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Creator / David Gemmell

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"Some of the other children had no father, but their lack was honourable. Their Dad died in the war, you know. He was a hero. This boy's lack was the subject of sly whispers from the adults, and open jeering from his peers. This boy's mother was, the boy heard so many times, a whore. The word was less hurtful than the blows that would follow it. Most of the blows came from other children, but sometimes adults too would weigh in."
David Gemmell

David Andrew Gemmell (1 August 1948 – 28 July 2006) was possibly the most prolific (he was known to write an entire 500 page novel in one weekend) Heroic Fantasy writer of all time. Born in West London, he had a harsh and violent upbringing in a tough urban area, and was raised alone by his mother until the age of six. His stepfather, Bill, compelled him to take up boxing to learn how to stand up for himself, rather than run away or hide behind a wall. This philosophy would later colour a great deal of his writing. He was expelled from school at the age of 16 for organising a gambling syndicate and was arrested several times throughout his youth, mostly for ending fights. He was once described by a psychologist's report as a psychopath. note 

He made his first attempt at writing, a novel by the name of The Man from Miami, while working as a lorry-driver's mate. The response from the publishers informed him that he had "absolutely no aptitude for creative thought" and "wouldn't get published if he lived seven lifetimes" (the seven lifetimes was apparently a reference to the main character of the book); Gemmell himself later admitted the novel could "curdle milk at 50 paces". He later got an interview for his local newspaper; despite being the least qualified applicant his arrogance was mistaken for aptitude and he got the job. He later worked as editor for several local newspapers.

In 1976 he was diagnosed with, supposedly, terminal cancer. Partially to take his mind off things and also in the hopes of fulfilling his dream of become a published writer he composed a novel called The Siege of Dros Delnoch. In many ways the story of a ragtag group of defenders fighting off a siege of overwhelming odds acted as a metaphor for his own mental battle with cancer. However he later learned that he suffered a misdiagnosis and set The Siege of Dros Delnoch aside until 1980 when a friend read the manuscript and convinced Gemmell to attempt to get it published. Two years later the much sharper and considerably expanded version was pitched to a publishing house under the name Legend (although it was released as Against the Horde in the USA for a year).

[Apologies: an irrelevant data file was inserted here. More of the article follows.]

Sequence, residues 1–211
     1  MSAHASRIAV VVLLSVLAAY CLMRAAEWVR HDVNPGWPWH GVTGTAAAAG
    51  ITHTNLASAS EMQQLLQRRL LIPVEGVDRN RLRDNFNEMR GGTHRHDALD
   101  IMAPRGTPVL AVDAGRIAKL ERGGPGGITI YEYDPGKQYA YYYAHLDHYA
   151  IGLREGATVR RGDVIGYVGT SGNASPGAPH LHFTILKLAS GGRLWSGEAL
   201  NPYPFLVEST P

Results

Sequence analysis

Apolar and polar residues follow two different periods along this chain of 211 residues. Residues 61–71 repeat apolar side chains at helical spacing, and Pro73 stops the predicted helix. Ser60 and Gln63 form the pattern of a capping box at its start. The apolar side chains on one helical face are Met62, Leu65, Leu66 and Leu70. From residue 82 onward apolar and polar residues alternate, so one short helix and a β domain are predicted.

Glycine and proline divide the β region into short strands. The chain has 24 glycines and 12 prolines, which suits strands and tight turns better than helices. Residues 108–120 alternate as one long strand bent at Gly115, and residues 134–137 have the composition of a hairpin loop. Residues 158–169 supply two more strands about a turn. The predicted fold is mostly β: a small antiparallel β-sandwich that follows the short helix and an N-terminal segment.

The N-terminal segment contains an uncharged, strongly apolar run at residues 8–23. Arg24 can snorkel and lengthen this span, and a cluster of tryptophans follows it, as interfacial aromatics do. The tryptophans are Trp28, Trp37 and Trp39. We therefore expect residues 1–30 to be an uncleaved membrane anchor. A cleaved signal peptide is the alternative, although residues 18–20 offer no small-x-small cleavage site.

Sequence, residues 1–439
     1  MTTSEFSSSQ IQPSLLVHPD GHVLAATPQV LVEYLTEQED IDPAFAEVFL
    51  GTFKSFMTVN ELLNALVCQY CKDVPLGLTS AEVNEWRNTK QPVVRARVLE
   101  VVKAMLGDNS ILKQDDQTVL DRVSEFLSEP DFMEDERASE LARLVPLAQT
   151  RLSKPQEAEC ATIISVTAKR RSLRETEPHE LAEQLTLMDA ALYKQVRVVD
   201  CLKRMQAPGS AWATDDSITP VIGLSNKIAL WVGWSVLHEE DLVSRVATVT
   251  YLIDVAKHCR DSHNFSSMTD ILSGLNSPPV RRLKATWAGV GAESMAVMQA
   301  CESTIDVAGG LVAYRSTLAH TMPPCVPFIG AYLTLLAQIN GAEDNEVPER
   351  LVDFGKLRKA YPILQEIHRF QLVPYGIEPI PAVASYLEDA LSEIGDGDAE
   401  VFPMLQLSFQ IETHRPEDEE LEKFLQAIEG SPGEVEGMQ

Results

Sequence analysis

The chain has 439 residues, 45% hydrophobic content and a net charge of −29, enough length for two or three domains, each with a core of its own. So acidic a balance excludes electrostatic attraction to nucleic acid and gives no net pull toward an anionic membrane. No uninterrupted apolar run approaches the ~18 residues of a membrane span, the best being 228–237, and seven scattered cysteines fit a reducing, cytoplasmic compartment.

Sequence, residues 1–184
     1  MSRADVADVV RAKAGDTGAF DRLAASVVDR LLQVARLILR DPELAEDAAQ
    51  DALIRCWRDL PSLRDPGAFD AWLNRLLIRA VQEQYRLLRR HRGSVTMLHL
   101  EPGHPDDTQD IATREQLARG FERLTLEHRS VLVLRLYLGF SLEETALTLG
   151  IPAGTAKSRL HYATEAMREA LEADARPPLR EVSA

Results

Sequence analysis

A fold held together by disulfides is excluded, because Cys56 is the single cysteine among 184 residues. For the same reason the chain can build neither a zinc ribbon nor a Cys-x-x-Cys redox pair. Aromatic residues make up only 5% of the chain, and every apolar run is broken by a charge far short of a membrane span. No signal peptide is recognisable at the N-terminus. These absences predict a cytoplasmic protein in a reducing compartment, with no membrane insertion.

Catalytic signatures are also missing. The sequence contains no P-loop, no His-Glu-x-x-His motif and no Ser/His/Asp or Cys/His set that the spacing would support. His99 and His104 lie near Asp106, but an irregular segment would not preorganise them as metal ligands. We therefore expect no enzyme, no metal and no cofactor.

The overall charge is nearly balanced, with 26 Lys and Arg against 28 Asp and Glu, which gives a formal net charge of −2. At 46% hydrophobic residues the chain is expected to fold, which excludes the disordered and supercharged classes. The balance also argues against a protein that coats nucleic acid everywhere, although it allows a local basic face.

Following its immense commercial success he went on to write a sequel, of sorts, The King Beyond the Gate in 1985. Although that was also successful he found himself wanting to explore the past of what was becoming his Drenai Saga. Thus was born Waylander in 1986. The Drenai Saga ended up being 11 novels.

Another epic series is the Stones of Power series, consisting of seven books set in three widely-separated time periods: two in Ancient Greece; two in Dark Age England, featuring the people who became mythologised as King Arthur and his knights; and three featuring The Gunslinger Jon Shannow in a Wild West-style post-apocalypse wasteland. There's also Time Travel involved, mixing in a couple of other time periods, including The Present Day and the golden age of Atlantis (where all the trouble started); there's even a character for whom the events of the Jon Shannow novels occur before those of the Arthurian ones. And, somehow, it all works.

He also wrote two other heroic fantasy series (the Rigante series and the Hawk Queen duology), a half-dozen standalone fantasy novels, and a crime thriller (which was published under the pseudonym Ross Harding to avoid confusing readers). At the time of his death he was working on a Demythification trilogy set during The Trojan War; he had completed the first two parts, and working on the third, which following his death was finished by his wife, Stella Gemmell from his detailed notes.

Works by David Gemmell with their own pages include:

Other works by David Gemmell include examples of:

  • Always Chaotic Evil and Always Lawful Good: Averted to a triumphant extent. There are evil individuals and even the occasional Big Bad amongst his most classic 'good-guy races', the Drenai and the Rigante. On the other side, even marauding Mongol-equivalents, mutant beast-men or a nation of Satan-worshippers either contribute heroes to the story or pull off a full Heel–Face Turn.